Best Racehorses of All Time

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Only horse race enthusiasts know how hard it is to decide among so many brilliant runners, but combining various criteria we’ve managed to create this top 5 list of best racehorses of all time.

Man O’War

This amazing horse set three world records, two American records, and three track records. He also won 20 races out of 21 starts. His only loss was his first race ever in 1919 at the Sanford Memorial Stakes. He was the last off the starting line, was put into disastrous positions by his inexperienced jockey and still made second place.

The BloodHorse magazine ranked Man o’War as the greatest horse to race in North America in the 20th century and Sports Illustrated rated him the best horse in racing history.


This American Thoroughbred is widely considered the greatest horse of the second half of the 20th century. Second only to Man O’War, Secretariat is included within top 100 US horses of the 20th century.

In 1973, he became the first Triple Crown winner in 25 years and one of only 11 horses to win this prestigious series. Secretariat won sixteen of his twenty-one career starts and was showered in honours. He won five Eclipse Awards, including Horse of the Year honours at ages two and three.

Often regarded as the fastest horse ever, in 1973 he broke the track record virtually every time he was sent out fit, as well as two world records. Importantly, he broke these over wide-ranging distance (7f to 13f) over wide ranging surfaces (dirt and turf, wet and dry).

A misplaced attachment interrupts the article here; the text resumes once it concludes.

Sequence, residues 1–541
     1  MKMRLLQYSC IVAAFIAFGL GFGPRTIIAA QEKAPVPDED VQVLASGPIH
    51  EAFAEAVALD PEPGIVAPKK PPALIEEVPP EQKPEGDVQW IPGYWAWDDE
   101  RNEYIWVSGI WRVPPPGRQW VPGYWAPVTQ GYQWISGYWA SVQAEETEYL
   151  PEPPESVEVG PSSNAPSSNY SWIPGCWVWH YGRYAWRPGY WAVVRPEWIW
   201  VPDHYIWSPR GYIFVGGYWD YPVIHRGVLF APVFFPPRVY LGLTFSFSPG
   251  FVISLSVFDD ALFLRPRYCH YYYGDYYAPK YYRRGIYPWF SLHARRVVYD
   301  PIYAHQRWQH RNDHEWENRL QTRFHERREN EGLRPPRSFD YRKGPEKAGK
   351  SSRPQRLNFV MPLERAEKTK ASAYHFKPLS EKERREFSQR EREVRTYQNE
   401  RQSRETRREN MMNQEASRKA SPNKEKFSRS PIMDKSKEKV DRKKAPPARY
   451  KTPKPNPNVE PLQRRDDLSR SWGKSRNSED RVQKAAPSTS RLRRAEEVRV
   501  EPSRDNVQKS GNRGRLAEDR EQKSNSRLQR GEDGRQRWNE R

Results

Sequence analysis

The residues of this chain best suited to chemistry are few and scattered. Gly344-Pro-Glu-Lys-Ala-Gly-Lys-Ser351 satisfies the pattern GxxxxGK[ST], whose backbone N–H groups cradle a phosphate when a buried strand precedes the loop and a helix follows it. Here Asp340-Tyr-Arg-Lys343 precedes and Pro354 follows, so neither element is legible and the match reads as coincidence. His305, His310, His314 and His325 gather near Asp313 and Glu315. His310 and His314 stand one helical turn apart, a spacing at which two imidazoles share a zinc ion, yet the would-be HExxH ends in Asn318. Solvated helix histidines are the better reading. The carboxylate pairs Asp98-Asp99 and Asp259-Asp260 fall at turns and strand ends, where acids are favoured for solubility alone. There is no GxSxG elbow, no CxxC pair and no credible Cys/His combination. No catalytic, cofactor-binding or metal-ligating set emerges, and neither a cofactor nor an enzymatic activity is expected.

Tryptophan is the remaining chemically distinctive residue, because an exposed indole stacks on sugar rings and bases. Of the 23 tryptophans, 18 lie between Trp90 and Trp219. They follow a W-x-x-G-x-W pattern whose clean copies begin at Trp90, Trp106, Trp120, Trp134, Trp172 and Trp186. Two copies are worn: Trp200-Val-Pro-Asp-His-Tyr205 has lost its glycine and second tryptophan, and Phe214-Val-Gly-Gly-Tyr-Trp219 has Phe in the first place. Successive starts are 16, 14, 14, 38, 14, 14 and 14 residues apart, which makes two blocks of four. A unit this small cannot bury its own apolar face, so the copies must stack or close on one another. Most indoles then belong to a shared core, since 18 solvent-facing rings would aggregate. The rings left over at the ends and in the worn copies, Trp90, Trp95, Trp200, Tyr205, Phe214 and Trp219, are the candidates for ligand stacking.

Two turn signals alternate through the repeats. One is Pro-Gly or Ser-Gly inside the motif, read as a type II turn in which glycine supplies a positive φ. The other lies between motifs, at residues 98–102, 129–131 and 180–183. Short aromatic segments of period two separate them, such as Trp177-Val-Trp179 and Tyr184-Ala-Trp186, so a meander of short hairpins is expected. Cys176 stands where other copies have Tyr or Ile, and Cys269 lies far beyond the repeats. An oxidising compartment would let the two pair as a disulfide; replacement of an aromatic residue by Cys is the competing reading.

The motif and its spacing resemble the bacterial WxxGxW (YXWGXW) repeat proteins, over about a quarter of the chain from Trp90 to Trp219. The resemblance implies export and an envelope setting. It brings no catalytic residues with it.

Phar Lap

The best known and most celebrated Australian racehorse, Phar Lap won 19 major race titles and achieved a massive winning streak of 14 wins in a row. His unbelievable achievements captured the public imagination and lifted him to the level of a national hero.

Who knows what this gorgeous stallion might have accomplished if he hadn’t been poisoned by the competition, bringing his stellar career to a tragic end.

The secret of Phar Lap’s success was revealed in the autopsy; his heart was much larger than that of a regular horse.


Adored by an army of fans, the Thoroughbred of the millennium finished his fourteen-race career unbeaten. Mind-blowing performances followed one after the other, none more breath-taking than his victory in the 2,000 Guineas in 2011, described as “one of the greatest displays on a British racecourse.”


The first superstar of thoroughbred racing, Arkle went on to win the Cheltenham Gold Cup for three consecutive years (1964-1966), and scored victories in every important steeplechase he entered – including, the Hennessy Gold Cup, the Irish Grand National and the King George VI Chase. He was posthumously inducted into the British Steeplechasing Hall of Fame in 1994. His Timeform rating of 212 is the highest ever awarded to a steeplechaser.